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Finding the Carrot

I've taught many grades.  I've had a lot of students.  I've had my share of challenging students.  As different as they all are, I've found one thing in common.  They all want something. 

Some children only want to be noticed.  Luckily, there are many students who want to do the right thing.  Some want to have fun.  Some want to do nothing.  Some want to antagonize their teacher.  In many ways teaching is all about finding that thing they want.  It's about finding that thing that will motivate them.  It's about finding the carrot to dangle.

I really learned this lesson many years ago when I was a young teacher who would do anything for some work experience to get me closer to a real job.  Although most of my training and experience was in the early childhood years, I took a job teaching Language Arts in a summer school program with 8th graders.  I was so very much out of my league, but it didn't take me long to figure out what these kids wanted.  They wanted to pass my class so they could move onto High School.

It was a shock for the boys.  (Yes, it was a group of 8 boys.)  Everyone was taller than I was, and they were certainly tough kids.  They thought all they had to do was show up for the class.  They were quite shocked to find out that they actually had to do work and participate in class!  But I frequently reminded them that they were expected to do the work I gave them, and reluctantly, they did it.  After a while they softened a little and almost started to enjoy themselves.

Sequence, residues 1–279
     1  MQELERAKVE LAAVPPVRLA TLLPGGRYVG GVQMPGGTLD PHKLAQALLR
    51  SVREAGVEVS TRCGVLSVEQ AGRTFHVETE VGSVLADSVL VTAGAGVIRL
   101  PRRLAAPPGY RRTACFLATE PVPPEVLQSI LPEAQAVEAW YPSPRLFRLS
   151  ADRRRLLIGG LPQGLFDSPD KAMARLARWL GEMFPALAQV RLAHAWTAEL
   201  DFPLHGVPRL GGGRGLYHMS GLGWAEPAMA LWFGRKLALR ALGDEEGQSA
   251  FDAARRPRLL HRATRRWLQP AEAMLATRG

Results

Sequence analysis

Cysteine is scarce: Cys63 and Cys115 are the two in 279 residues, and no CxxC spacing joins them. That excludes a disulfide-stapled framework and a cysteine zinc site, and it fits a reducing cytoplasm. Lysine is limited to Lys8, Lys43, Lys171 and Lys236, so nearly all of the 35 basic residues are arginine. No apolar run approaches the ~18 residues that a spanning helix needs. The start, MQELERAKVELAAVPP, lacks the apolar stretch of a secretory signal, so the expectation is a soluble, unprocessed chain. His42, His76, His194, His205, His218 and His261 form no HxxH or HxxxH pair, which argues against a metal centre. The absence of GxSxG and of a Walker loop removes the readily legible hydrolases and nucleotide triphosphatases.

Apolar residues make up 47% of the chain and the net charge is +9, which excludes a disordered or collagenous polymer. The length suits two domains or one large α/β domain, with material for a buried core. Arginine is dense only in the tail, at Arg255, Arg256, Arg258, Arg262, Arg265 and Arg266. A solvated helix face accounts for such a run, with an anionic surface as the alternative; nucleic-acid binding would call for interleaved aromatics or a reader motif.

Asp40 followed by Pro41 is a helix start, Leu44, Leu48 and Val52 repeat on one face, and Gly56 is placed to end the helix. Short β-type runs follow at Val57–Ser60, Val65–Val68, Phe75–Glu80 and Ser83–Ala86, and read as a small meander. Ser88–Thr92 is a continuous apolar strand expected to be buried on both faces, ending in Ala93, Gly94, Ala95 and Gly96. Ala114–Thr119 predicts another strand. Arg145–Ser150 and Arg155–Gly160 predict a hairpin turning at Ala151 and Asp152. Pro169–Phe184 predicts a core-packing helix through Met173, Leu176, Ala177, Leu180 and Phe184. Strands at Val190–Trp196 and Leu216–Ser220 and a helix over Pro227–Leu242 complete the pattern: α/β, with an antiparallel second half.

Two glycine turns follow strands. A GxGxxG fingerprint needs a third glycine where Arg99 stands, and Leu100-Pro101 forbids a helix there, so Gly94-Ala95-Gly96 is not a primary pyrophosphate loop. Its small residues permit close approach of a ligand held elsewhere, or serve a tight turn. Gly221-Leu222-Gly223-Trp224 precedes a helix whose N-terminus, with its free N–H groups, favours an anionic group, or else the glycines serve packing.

The second graders I've had these past few years have been somewhat easier to please.  The thing that works for most of them:  beanie babies!  I have a huge collection of them, and if someone does something well, they get to keep a beanie on their desk for the rest of the day. 

It all started a few years back in a moment of desperation.  I had several beanies around the room as decorations.  The class was restless that day, and I was searching for someone who was doing things right and a way to reward that student.  Finally I found a kid who was focused and working, so I grabbed one of the beanies and plopped it on the student's desk.  That child was so thrilled, that I managed to find a few others who "got the hint" and started to work, so I put beanies on their desks, too.  It was such a hit that I kept it going and it still goes on today.

Sure, the kids want to play with the beanies.  I often remind them, if they play with it, they lose it.  ("It's not a toy, it's a tool to remind you to be good.")  And I have to take them every so often to the laundromat for their "bath".  But it's been a hit.

Who wouldn't want an adorable little beanie on their desk to keep them company?

Giving Feedback

I find it is important to give honest feedback to children.  I won't tell a child he's doing a good job, unless I honestly feel it is a good job.  I tell the truth.